Parenting is, I’m afraid, a dying art. At least it seems that way whenever I walk among the masses, watch, listen, and wonder.
I don’t know everything there is to know about rearing children well, and I certainly was not a perfect father; in fact, far from it. But thanks in large measure to a good mother our four children, now up and out, are good, well balanced, thinking young adults who, if I died today, would do well in the world without me. I am grateful to the Lord and my wife and my kids for this. And along the way I learned a little about parenting.
What makes me think parenting is a dying art is what I see and hear just about every time I take a trip. Here are a few wonders just this week:
--Ambling through a store I see a 10-11 year-old boy with his mother. As I walk by I hear the boy use language with and at his mother that blows my hat back. Mother ignores him. Where did this kid learn to talk like that? And why on earth does his mother put up with it? Does she think he’ll simply grow out of the attitudes underlying the vocabulary? Does she think his choice of words is appropriate, good, and good for him? I don’t get it.
--Sitting in a restaurant we see a family approach the counter to order pizza. One teenage son is dressed in jeans so tight you can see every outline of his anatomy. Another perhaps 12 year-old son is wearing a t-shirt proclaiming in large letters “I Love Boobies.” Mom and Dad seem oblivious, which I guess is the problem. Do they really believe how their sons dress is admirable? Do they think how their sons dress is good for them or funny? I don’t get it.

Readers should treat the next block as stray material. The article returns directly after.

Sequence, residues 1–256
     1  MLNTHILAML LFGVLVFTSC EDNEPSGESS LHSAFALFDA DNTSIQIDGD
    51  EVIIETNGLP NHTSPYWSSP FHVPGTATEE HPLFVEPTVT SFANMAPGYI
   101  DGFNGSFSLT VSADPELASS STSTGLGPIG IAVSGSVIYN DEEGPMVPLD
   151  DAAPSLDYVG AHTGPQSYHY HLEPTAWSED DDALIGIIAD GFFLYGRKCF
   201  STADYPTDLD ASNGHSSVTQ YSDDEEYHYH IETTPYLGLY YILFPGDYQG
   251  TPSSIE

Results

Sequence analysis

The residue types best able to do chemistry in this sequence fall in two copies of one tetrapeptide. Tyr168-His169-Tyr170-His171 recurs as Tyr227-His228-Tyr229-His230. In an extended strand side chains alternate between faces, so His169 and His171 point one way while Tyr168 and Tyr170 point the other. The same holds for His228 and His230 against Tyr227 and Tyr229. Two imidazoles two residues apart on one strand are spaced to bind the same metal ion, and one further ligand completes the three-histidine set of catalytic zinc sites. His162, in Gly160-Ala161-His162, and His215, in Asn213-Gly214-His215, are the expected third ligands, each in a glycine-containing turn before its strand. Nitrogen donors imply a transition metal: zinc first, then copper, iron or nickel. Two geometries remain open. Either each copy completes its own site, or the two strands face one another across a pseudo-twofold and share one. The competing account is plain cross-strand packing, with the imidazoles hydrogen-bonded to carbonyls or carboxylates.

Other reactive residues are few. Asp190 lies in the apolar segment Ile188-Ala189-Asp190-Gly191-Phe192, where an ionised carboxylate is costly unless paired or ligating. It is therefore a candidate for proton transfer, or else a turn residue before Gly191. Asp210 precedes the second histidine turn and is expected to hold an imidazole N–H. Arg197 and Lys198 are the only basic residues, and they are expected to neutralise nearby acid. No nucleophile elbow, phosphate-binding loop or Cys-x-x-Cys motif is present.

--Walking down the street we’re approached by a family of five, parents probably in their early 40s, three daughters. Each daughter is dressed in a manner prominently exposing, let us say, frontage. Little is left to the imagination. Is this bold immodesty the mother and father’s vision for their girls? Or do the parents believe cutting edge fashion outweighs all other considerations? If the parents don’t like how their daughters are dressing, are they so powerless as to lack any influence upon them at all? I don’t get it.
--Sitting on a ferryboat awaiting departure we watch a family board and sit two rows behind us: mother-now-grandmother, two adult sisters, and four young children belonging to one or both sisters. The younger sister is irate, proclaiming loudly to her sister how she wasn’t awakened soon enough, had not been given any help, was somehow peeved because they were rushed getting on the boat, etc. Mother-Grandmother says, “I’m staying out of this.” Older sister verbally hits back, though not quite so loudly. Younger won’t let it go. This goes on for perhaps five minutes not only in the hearing of everyone near the stern but, more grievously, in the hearing of all the children, who watched with eyes big and mouths, and more importantly, ears open. How could the sister-mothers miss the fact that their kids were getting a lesson in how not to manage anger? Couldn’t their issue have been handled privately? How will the kids act the next time they’re upset? Bigger question: why did Mother-Grandmother let her “kids” do that? I don’t get it.
Not all parents, thankfully, are like this. But in my estimation far too many are abdicating their parental responsibilities, or at least are approaching parenting with a form of presumed powerlessness our grandparents’ generation wouldn’t recognize. I don’t get it.
Children are sponges. They soak up what’s around them. Children are world-class mimics. They imitate whatever is put in front of them. In other words, they'll do what they see and they'll do what parents let them do. Children find security in being given wise and loving instruction, even when they say and act otherwise. In the end, children are best-loved by parents who set good and high standards, model those standards in their own lives, and expect the children to do the same. It works. It’s good for the kids. I get that.
© Rex M. Rogers – All Rights Reserved, 2011
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